Anyone who has spent any amount of time in front of a television, or at the movies, has probably heard the legal phrase “assault and battery.” This phrase is commonly used to describe an incident where one person causes physical harm to another person. But in reality, these are two different crimes, and if you have been charged with assault and battery, it is important to know the distinction.
The word “assault” sounds like a physical act, and one that causes injury. The truth is that an assault does not necessarily have to be physical, the key is that the act (or word used) create a threat of imminent danger. Whether there was actually any imminent danger to the person assaulted is measured in terms of what the “victim” thought might happen. An assault is usually a lesser charge than the charge of battery, which is the actual act of causing harm. When trying to determine the difference between an assault and a battery, it can help to think of it like this:
• An assault is the threat to do harm that is made, which can be by the words used or actions that fall just short of inflicting an injury.
• A battery is the actual act that carries through with what was threatened.
Because the battery is what actually causes an injury, it is usually the more serious of the charges. In order to develop an effective defense, it is crucial to examine all of the facts of your case, and emphasize those that cast your behavior and actions in a favorable light. For an assault charge to stick, it is not necessary that you actually followed through with the threat, just that the person claiming to have been threatened thought you would do so. As you can imagine, defending this type of charge requires taking testimony from your accuser and arguing whether what you said or did was likely to cause a fear of harm. As for the battery portion of the case, some physical evidence of an injury is usually needed in order for a conviction to be made. If you have been charged with assault and /or battery, you need to act fast to get a qualified defense attorney in your corner. The sooner you start to investigate the facts of your case, against the legal backdrop, the sooner a viable defense will begin to emerge.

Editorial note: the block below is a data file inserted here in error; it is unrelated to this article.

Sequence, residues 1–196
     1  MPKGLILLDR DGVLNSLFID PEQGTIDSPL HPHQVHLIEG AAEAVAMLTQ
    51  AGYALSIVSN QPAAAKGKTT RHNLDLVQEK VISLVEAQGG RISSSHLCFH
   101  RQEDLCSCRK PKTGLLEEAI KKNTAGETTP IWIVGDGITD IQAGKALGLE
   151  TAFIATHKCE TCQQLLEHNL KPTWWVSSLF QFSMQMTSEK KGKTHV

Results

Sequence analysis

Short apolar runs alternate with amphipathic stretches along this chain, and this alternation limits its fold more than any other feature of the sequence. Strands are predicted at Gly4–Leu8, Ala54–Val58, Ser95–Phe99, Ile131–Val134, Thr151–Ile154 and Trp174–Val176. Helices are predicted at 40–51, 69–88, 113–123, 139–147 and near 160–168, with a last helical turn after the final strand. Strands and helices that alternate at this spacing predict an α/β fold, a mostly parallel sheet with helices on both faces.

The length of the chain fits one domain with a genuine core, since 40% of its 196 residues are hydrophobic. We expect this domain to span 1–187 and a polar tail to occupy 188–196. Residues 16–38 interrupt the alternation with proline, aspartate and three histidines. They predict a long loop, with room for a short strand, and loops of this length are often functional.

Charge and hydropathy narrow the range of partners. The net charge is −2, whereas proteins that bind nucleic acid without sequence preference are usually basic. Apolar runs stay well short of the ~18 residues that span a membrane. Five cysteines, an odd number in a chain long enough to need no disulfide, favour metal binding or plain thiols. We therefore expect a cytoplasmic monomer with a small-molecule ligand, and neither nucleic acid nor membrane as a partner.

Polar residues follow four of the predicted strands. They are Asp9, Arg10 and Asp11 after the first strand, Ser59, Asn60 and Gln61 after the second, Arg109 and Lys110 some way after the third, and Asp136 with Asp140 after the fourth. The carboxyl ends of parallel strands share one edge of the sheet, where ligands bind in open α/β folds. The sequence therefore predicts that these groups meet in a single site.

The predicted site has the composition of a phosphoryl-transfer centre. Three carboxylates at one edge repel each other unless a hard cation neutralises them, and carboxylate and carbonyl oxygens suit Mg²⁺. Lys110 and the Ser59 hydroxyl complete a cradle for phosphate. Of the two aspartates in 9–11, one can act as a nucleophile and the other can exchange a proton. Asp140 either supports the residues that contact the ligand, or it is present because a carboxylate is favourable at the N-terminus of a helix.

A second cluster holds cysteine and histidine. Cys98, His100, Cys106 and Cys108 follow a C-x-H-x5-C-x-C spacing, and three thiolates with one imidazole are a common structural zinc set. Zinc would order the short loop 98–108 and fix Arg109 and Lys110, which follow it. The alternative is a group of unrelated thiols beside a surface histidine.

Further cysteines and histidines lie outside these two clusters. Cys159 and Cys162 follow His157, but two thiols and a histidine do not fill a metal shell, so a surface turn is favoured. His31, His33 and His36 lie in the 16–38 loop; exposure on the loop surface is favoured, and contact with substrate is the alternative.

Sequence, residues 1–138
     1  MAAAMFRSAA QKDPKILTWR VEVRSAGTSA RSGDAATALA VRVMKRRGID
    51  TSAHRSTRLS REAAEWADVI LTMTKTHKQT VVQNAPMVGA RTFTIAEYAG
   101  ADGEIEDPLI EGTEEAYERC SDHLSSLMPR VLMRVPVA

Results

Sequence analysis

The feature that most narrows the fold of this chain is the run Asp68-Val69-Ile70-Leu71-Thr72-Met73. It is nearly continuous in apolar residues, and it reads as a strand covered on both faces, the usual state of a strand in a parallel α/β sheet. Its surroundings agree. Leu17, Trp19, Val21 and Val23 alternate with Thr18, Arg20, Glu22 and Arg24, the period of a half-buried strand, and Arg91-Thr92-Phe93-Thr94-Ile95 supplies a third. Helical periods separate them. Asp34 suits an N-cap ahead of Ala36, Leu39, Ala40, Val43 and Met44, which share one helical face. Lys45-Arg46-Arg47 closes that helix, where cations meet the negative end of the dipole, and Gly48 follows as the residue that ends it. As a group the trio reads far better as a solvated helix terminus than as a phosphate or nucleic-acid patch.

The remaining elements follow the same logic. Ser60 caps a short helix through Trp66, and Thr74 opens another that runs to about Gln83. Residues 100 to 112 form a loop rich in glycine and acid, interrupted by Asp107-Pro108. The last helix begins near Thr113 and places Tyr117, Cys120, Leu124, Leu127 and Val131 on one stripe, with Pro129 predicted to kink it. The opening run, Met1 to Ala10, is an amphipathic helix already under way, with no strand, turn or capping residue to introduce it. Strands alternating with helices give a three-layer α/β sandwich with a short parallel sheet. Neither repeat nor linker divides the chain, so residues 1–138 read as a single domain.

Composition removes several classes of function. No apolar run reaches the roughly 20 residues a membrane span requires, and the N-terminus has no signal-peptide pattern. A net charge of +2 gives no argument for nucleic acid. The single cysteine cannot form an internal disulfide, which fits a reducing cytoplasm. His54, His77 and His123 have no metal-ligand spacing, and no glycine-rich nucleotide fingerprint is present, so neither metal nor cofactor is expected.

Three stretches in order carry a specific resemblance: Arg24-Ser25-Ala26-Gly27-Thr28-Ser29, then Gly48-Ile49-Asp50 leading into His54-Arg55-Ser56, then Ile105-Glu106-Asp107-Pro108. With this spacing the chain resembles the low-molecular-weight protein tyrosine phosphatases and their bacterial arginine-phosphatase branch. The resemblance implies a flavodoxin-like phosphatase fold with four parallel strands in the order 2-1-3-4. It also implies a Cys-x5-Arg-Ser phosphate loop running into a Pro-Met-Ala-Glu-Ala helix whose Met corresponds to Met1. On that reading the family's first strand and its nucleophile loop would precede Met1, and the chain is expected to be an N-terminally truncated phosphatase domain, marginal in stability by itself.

If you have questions about assault and battery or other criminal cases, call our office for answers. Call an experienced criminal defense attorney in Key West.